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Newspaper Page Text
HOUSE JACK BUILT
; By Florence Lillian Henderson.
There were two loyal hearts to
smile encouragingly after Walter
Rose and wish him an earnest God
speed when he left Riverdale. Mercy
Darrow bid him adieu through swim
ming eyes, but she had given him
words of blissful cheer and comfort.
Little Joe Dockrill, cripple as he was,
lifted himself on his crutches and
waved encouragingly and hopefully.
"You know what is best, dear,"
Walter's financee had told him. "If
Spent Several Evenings Going Ovet
you think the prospects in the city
are encouraging, you should go
"It is only for a year, sweetheart,"
said Walter. "You and your parents
are practically dependent on your
married sister. All I -have is the lot
and the old house, ready to fall down
any day. I could not think of asking
"It would be home with you, any
where; dear," declared Mercy bravely.
"Yes, but the old folks have a
comfortable home. I stuck to father
from a sense of duty, because he was
attached to the old place. If I can
get enough ahead to put up even a
small cottage I can always earn a
comfortable living. Look after little
Joe, won't you, Mercy?" added the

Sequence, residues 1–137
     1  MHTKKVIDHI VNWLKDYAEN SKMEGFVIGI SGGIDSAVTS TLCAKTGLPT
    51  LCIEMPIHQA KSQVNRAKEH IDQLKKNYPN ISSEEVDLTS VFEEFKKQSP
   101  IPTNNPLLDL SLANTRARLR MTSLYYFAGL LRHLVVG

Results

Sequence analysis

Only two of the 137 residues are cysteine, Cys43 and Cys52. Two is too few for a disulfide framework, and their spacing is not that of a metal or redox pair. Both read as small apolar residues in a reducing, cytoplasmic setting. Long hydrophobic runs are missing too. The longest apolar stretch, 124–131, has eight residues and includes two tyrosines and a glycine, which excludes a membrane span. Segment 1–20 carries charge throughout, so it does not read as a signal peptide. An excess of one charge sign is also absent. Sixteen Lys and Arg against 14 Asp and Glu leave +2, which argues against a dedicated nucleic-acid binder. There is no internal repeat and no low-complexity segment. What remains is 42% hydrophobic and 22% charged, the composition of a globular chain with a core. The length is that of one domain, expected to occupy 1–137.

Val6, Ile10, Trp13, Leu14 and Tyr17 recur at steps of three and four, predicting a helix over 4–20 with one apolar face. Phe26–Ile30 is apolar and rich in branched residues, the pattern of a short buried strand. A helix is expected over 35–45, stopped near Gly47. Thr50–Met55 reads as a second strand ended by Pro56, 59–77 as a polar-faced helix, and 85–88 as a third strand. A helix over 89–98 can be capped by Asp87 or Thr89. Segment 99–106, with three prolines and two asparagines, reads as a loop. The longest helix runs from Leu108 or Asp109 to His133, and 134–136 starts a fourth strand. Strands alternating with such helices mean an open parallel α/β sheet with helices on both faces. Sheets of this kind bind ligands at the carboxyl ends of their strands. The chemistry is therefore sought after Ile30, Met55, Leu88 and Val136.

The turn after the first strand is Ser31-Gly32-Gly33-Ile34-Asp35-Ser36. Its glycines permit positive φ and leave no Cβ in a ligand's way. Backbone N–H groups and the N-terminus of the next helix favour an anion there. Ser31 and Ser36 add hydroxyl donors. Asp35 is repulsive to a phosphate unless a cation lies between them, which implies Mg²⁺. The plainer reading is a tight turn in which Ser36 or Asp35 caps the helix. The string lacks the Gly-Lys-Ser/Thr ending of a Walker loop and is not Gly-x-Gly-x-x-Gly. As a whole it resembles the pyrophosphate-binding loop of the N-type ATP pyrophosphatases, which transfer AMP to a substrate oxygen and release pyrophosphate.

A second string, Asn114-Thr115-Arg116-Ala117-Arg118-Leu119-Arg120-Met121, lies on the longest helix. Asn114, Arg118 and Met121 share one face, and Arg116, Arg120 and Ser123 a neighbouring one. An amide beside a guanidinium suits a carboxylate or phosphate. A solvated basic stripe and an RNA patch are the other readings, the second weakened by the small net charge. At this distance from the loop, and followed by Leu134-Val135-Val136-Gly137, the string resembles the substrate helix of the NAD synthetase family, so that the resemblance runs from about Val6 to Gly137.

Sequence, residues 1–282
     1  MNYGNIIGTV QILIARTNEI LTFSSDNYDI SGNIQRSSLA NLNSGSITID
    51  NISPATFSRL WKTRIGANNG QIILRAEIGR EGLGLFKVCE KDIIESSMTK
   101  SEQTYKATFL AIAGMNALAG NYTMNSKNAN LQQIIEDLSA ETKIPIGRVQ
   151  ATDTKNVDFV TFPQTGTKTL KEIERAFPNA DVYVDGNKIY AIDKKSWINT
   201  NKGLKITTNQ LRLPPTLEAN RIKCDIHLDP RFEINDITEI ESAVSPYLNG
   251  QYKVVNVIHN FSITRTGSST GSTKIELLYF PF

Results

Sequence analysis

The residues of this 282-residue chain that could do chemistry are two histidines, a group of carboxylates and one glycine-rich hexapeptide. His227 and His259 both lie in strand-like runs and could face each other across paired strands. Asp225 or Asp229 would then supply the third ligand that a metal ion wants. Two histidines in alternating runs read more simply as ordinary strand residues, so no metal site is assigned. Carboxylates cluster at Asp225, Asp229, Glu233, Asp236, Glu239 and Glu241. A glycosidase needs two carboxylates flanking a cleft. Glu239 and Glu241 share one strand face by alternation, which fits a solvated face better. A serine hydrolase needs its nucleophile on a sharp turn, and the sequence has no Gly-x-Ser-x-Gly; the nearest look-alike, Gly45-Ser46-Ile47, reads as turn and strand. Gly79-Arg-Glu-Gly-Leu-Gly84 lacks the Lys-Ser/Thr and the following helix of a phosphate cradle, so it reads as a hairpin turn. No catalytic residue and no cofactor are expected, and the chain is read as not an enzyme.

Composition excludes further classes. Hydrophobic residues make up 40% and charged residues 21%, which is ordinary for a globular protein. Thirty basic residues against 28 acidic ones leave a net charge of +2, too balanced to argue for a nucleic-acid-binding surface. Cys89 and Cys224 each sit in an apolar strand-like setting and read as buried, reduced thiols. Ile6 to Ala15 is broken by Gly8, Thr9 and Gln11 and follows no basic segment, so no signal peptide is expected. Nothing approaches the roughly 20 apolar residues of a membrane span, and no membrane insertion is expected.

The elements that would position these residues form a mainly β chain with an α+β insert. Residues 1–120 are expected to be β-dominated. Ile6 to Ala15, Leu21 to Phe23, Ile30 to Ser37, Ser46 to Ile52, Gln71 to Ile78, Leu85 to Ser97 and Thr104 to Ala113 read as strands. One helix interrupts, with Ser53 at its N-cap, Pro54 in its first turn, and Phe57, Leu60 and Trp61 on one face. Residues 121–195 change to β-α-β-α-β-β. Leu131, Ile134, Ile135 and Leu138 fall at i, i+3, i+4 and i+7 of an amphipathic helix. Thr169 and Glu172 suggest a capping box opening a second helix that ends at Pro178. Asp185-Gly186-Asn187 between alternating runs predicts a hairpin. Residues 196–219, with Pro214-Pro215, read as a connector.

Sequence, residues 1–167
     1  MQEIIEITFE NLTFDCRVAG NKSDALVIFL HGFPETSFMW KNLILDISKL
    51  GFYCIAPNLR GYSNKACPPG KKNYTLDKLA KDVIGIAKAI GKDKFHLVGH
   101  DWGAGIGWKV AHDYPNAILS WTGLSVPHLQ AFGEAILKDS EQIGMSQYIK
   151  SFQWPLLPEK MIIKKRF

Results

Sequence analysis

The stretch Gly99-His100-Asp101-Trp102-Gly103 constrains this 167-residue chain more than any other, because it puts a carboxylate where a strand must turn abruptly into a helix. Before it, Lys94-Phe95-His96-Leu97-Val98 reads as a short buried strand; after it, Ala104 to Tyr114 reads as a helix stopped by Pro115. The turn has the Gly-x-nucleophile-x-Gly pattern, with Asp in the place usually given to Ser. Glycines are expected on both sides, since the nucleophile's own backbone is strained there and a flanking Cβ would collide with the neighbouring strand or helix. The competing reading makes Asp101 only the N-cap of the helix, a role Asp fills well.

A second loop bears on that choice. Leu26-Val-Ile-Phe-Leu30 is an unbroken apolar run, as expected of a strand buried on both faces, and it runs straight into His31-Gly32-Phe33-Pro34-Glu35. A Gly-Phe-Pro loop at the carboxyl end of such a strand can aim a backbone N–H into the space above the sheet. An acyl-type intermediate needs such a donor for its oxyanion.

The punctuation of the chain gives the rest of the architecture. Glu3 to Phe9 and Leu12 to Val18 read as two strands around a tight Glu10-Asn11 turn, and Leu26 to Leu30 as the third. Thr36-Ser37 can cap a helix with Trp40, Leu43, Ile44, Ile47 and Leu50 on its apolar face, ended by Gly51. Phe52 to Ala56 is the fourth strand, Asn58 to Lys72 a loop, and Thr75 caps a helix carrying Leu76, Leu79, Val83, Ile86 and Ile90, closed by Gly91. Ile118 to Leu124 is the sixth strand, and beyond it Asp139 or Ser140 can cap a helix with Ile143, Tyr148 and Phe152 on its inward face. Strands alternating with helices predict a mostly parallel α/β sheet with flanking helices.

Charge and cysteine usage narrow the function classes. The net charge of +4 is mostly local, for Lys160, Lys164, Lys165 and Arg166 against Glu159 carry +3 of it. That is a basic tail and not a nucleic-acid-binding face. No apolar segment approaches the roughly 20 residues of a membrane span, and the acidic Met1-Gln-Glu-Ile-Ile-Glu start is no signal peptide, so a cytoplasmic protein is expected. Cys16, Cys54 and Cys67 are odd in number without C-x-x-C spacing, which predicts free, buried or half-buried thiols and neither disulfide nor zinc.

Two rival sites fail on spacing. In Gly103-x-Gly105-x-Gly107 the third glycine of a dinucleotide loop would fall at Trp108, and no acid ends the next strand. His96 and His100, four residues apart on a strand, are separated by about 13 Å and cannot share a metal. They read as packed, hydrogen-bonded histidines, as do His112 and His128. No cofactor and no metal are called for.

stalwart, honest-faced fellow, with a
fond glance at the little cripple.
"Don't you fear!" chirped in Joe
himself valiantly. "I'll look after
myself. Why, you've fitted me out
like a prince, Uncle Walter, and I'm
going to make you proud of me. I'll
help get that house up you want so
bad. I've got an idea and I'm going
to carry it out."
Pretty patient Mercy went home
rather mournfully. Little Joe return
ed home, the honest tear drops in his
eyes, but whistling cheerily, for he
had some very hopeful ideas under
that bright, curly pate of his.
Walter Rose was not "Uncle Wal
ter" at all, although the little fellow
called him that. Joe was a waif, an
orphan city lad turned out of charit
able institutions when he had out
grown the age limit, wandered to
Riverdale and run down by an auto
mobile and crippled for life. For two
months the homeless little fellow was
kept in the hospital. Then he was
again turned adrift, his sole assets
a pair of crutches.
. It was tender-hearted Mercy, true
to name and nature, who took him in,
but her sister resented the intrusion.
Then Mercy spoke to Walter about
the friendless outcast. Walter took
him to the old house. His father was
very old and feeble. He needed con
stant attention, and took a great
fancy to the bright, jolly little
Joe was so cheery, so accommodat
ing, so handy, despite his crippled
condition, that within a month Walter
felt that he had secured a treasure.
Little Joe made the long evenings
lively. He was a faithful attendant
upon aged Mr. Rose, and nearly the
1 last smile upon the lips of the old